This is news to me, despite somewhat following the Steelers.
With all the surprises that were delivered around the NFL Tuesday, Jason Worilds has pulled another. The Steelers free agent linebacker announced early this morning that he was leaving football.
And the Steelers believe he means it.
Steelers sources told the Post-Gazette today that they believe Worilds, who became an unrestricted free agent on Tuesday, is serious about walking away from football at the age of 27 to work for his religion, Jehovah’s Witnesses, and that there is no hidden agenda involved in his decision.
“I appreciate all of the interest from the organizations that have reached out to us the past few days,’’ Worilds wrote on Twitter. “With that being said, after much thought & consideration I have chosen to step away from football as I have opted to pursue other interests.
“I am especially grateful of the opportunity to play before some of the greatest fans in football today. Despite any concern and speculation that may ensue, I appreciate those that are respectful of my decision.’’
The Steelers issued a statement today that said, “We respect his decision to retire and thank him for his five years in Pittsburgh. We wish him the best in his future endeavors.”
Worilds, who made nearly $10 million with the Steelers last season, was considered one of the top free agent outside linebackers on the market. Yet it was curious when free agency began at 4 p.m. Tuesday that there was no word on any potential signings or even team visits mentioned for him.
While the start of NFL free agency soared in a series of blockbuster trades and big-time player signings, the Steelers took on the look of neutrality.
They signed no one, they released no one, they traded no one, they lost no one.
Thus, they followed a blueprint that has been a hallmark of theirs in the first few hours of free agency, by looking over the field and patiently waiting for things to develop.
At 4 p.m. Tuesday, eight of their players became unrestricted free agents who can sign anywhere, most notably linebacker James Harrison and cornerbacks Ike Taylor and Brice McCain.
Tennessee seemed to be the landing place previously most mentioned for Worilds as a possibility, as it also could be for Taylor and Brett Keisel, who was released by the Steelers Monday.
McCain, signed to a one-year contract in 2014 after Houston released him, reportedly is scheduled to visit the Miami Dolphins this week. McCain became a pleasant surprise for the Steelers after an injury to Taylor and ineffectiveness for Cortez Allen; he started 10 games at cornerback, including their playoff loss to Baltimore.
There also was no further news on the Troy Polamalu front. He has two years left on a contract extension he signed in 2014, but his contract has outpaced his performance. At 34, Polamalu is scheduled to earn a $6 million salary in 2015 and count $8.25 million under the salary cap. The Steelers would create $3.75 million in cap room if they released him before June 1, and $6 million if they wait until then or designate him as June 1 cut.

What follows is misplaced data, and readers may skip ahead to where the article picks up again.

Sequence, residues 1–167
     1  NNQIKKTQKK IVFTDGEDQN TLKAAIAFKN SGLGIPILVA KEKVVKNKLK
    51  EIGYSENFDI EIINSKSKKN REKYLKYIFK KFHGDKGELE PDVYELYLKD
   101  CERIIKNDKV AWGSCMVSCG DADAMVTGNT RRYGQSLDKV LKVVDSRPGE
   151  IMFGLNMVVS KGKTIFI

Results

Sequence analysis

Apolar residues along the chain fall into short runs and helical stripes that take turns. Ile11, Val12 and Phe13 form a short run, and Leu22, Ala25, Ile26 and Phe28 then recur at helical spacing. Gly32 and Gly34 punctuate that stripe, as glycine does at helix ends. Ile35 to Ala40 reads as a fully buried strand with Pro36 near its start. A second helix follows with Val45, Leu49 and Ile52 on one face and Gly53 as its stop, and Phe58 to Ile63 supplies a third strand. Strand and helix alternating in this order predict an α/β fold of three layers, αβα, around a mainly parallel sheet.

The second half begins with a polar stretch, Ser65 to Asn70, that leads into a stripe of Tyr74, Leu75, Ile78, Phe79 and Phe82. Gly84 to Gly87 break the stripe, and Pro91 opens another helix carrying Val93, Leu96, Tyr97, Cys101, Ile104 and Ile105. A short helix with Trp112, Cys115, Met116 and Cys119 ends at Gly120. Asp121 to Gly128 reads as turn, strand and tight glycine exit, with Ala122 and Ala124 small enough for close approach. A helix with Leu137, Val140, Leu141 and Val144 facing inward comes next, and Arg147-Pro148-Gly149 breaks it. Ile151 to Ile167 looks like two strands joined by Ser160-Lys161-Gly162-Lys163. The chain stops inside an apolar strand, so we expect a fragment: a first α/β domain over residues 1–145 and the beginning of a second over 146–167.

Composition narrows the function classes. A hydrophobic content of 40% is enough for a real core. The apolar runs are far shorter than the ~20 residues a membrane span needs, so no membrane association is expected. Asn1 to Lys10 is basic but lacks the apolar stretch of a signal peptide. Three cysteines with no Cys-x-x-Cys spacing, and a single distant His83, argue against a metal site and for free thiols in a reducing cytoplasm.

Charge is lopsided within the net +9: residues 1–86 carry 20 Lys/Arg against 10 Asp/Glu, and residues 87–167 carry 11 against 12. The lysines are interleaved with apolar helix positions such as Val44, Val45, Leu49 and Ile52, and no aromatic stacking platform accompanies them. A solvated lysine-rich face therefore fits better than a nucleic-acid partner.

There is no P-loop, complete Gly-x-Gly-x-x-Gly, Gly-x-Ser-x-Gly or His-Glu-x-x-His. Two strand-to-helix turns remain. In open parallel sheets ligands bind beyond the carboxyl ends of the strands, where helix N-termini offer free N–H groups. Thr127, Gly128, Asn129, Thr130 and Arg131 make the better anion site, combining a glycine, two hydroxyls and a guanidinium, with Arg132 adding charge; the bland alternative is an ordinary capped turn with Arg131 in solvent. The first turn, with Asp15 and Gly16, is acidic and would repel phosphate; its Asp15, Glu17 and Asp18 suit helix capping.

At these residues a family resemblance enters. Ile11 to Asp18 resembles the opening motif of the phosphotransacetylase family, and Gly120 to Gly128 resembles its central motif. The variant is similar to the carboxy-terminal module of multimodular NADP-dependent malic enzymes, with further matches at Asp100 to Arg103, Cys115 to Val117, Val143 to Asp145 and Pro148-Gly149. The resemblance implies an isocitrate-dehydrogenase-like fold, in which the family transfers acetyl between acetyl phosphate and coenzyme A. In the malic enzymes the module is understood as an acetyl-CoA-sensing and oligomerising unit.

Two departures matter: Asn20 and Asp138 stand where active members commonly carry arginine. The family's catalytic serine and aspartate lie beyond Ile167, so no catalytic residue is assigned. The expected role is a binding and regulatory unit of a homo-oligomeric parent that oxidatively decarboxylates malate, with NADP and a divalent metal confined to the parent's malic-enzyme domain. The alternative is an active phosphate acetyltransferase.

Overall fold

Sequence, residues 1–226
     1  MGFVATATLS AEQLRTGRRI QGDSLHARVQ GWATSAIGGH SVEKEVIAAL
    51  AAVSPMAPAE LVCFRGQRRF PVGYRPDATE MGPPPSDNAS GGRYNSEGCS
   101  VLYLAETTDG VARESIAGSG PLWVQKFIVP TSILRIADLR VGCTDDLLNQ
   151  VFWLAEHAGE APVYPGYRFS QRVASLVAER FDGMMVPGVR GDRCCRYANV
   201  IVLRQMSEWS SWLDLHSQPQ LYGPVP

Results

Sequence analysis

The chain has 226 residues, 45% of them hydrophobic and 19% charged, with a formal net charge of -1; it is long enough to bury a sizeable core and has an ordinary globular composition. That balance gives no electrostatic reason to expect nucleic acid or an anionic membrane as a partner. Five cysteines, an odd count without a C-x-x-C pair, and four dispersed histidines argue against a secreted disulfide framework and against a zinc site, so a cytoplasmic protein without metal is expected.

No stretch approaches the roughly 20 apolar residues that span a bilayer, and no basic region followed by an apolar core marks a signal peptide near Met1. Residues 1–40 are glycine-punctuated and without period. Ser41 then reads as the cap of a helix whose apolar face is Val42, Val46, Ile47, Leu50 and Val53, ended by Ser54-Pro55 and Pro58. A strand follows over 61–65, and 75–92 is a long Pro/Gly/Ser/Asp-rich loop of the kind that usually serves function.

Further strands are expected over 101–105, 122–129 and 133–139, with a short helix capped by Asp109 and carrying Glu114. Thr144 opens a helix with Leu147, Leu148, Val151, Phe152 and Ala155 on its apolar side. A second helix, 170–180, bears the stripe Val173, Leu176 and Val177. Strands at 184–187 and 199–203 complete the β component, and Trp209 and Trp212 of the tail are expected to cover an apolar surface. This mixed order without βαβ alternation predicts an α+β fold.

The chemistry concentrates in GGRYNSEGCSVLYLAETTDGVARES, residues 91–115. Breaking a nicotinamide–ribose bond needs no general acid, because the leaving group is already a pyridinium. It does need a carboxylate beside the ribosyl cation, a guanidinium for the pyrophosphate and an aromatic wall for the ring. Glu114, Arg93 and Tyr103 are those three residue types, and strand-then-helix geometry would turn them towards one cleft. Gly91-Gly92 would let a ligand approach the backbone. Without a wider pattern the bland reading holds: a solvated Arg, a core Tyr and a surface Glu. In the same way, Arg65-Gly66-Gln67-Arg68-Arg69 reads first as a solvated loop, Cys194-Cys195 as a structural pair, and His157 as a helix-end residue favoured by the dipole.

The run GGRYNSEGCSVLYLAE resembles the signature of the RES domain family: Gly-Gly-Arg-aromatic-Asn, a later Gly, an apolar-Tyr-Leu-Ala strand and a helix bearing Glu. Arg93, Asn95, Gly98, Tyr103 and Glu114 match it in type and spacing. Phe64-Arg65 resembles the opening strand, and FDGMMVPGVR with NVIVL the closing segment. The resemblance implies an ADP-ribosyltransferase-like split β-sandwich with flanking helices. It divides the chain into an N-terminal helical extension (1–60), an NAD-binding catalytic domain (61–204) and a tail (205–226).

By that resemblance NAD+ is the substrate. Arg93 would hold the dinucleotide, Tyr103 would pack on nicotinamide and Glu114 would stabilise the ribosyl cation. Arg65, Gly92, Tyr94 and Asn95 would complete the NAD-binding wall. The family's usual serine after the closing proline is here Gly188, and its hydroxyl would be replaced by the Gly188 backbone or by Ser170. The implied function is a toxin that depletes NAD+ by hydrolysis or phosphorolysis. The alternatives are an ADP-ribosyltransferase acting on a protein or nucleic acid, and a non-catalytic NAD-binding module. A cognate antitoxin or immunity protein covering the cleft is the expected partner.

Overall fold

They would prefer that he retire, but since that has not happened yet, it can be assumed he either remains undecided or wants to play in 2015. Since the Steelers are $3 million-$4 million under the cap, they do not have to make a move with him unless they want the salary-cap savings they could get by releasing him to use elsewhere to sign someone.
General manager Kevin Colbert added to the Polamalu intrigue by posting this statement on the Steelers website Monday:
“At this time, we do not have an update on Troy Polamalu or his contract status. We will continue to communicate with Troy and his representatives regarding his future.”
The most notable occurrence involving anything Steelers-related Tuesday was linebacker LaMarr Woodley, recently released by the Oakland Raiders, signing with the Arizona Cardinals. Woodley was released by the Steelers one year ago, then signed with the Raiders. He will still count $8,580,000 against the Steelers salary cap in 2015, nearly 6 percent of their total team cap.
Interested to know when he became a JW. Was he one since childhood? If so shame on him :P for pursuing a worldly sports career. Did he convert as an adult? Unlikely. He was probably too busy banging hookers and enjoying the life of a multi-millionaire.
Regardless, I have no doubt the WTS would love some of that dirty dirty worldly football career money.
It's doubly hypocritical since the WTS has often called out football as being bad in its publications. IT'S EVIL BUT WE'LL TAKE THAT MONEY.